Activist Faith

Great guest post from Activist Faith co-founder Daniel Darling and author of iFaith.



news comes fast and furious these days, from a variety of sources.
Online, on the phone, someone texting you, Twitter, Facebook, cable
news. We’re long from the days when news came from three TV sources, the
all-news radio station, and your daily newspaper. Truthfully, I’m
getting most of my news these days from Twitter. I follow a few
journalists in areas of interest, such as politics, sports, the church,
and publishing.

In many ways it’s good, keeping the media accountable and revealing
the hidden biases. But in other ways, it’s difficult to process the
news, because it seems, increasingly, to be delivered by competing

So how should people of faith read, interpret, and process the news?
I’m not sure how you do it, but here’s a few steps I take when something

  • Hold that thought. I’m trying, though not always
    succeeding, to take in as much information as I can before I render an
    opinion. I’m reminded of James words to the early church, words that may
    be more relevant in this age than every before. We read in James 1:19
    that believers ought to be “swift to hear, slow to speak, slow to
    wrath.” In other words, don’t jump to conclusions. Get some facts. That
    runs counter to the instant Twitter world in which we live, but I think
    it’s wise for Christians to sort of set the bar high.
  • Everything is not political. Seems there is a rush
    these days to take breaking events and find the political angle. It’s
    usually the second or third question on cable news shows. Who does this benefit? Who does this hurt? Whose to blame? If
    you’re a conservative, you’re looking naturally for the way you can
    hang liberals with the story. If you’re a liberal, you’re looking for
    the “gotcha moment” for conservatives. But not all issues break that
  • Everyone is an expert. Seems everyone has an
    opinion these days. Everybody is a pundit. Everybody is a critic. But
    it’s really okay to not saying anything if you’re not very knowledgable
    on the subject. It’s okay to say, “I don’t know.” This uprising in Egypt
    is a classic case. I’ve been impressed by the way most politicians on
    both sides as well as pastors, public officials, etc have basically
    said, “We’re not sure what’s going to happen, but we pray for the people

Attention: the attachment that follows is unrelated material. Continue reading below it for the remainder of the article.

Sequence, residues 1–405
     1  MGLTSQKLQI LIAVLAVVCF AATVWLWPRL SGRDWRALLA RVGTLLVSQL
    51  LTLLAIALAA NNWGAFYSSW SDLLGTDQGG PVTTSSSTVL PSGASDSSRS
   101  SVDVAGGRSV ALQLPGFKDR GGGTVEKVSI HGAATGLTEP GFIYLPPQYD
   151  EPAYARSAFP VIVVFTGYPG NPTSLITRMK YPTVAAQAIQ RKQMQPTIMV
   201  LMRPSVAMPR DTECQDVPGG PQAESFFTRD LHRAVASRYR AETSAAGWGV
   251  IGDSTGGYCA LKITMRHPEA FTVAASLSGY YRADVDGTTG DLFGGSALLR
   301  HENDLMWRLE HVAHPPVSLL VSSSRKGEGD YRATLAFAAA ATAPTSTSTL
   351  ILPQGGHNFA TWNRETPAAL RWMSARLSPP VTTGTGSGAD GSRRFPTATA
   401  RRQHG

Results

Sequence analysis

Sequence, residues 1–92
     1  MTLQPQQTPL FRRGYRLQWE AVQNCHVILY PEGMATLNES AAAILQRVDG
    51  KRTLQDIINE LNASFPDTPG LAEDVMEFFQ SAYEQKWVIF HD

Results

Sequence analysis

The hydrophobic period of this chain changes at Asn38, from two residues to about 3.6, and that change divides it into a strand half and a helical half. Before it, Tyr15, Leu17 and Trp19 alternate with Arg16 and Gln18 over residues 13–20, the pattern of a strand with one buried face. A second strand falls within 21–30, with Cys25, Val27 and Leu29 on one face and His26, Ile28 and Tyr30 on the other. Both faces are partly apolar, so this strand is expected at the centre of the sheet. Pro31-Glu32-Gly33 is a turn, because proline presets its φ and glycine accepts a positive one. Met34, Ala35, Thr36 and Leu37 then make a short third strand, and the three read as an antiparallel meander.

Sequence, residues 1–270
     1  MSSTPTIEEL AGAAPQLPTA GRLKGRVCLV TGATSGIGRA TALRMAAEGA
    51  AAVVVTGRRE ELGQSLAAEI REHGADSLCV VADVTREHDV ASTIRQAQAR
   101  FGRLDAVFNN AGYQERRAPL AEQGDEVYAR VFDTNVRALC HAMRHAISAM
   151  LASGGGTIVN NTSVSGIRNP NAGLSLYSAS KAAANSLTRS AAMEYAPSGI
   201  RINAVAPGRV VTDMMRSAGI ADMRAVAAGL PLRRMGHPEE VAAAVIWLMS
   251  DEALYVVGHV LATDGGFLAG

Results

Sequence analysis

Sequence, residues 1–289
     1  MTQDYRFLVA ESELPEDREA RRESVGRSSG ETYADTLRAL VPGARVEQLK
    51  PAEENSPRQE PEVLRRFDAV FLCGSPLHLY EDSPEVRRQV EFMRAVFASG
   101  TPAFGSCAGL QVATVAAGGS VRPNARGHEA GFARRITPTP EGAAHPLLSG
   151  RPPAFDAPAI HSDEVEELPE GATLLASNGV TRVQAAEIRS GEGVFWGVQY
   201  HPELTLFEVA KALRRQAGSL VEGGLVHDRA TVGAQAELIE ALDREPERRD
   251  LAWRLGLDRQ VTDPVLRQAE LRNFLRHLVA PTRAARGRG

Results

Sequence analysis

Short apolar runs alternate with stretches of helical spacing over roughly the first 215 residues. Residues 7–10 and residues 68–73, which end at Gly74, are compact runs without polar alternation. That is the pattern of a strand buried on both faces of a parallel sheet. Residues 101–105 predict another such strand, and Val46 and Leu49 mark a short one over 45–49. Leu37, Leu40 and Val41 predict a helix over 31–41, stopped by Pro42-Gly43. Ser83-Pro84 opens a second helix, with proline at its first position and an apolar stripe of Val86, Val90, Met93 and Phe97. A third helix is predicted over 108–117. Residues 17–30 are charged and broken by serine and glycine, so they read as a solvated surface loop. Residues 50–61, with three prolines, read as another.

of Egypt.”
  • How can we bring glory to God? We should ask
    ourselves, in our conversations, in our Facebook and Twitter posts, can
    we bring glory to God? Sometimes we surrender our Christianity when it
    comes to opining on the news. I do this. But if someone read our posts,
    would they say to themselves, There is a follower of Christ? We
    should try to bring light to the issue and situation, not in a pious,
    condescending, holier-than-thou way, but in a way that maintains
    respectful conversation.
  • What’s the Heavenly angle? The easiest thing to do
    when a news story, especially a negative one, occurs, is to immediately
    surrender to fear and fear-mongering. The media likes to cover the
    loudest voice and often those voices spread great fear. Sometimes news
    stories are fearful and worrisome. But Christians, Paul told Timothy,
    were not given the Spirit of fear, but of power, love, and a sound mind (2 Timothy 1:7).
    Kingdoms and nations will rise and fall, but we know and understand
    that Jesus is alive, is the KIng, and will make all things right in His
    time. That’s not just a Pollyanna statement. I believe that with all of
    my heart. We don’t have to fear people or movements or isms. All of
    these are part of the sweep of history, held in perfect balance in the
    hand of God.

Those are a few of the ways I look at the news. But I’m in no ways
perfect and I often given to worldly thinking about the news. I’m
curious how you view the news.

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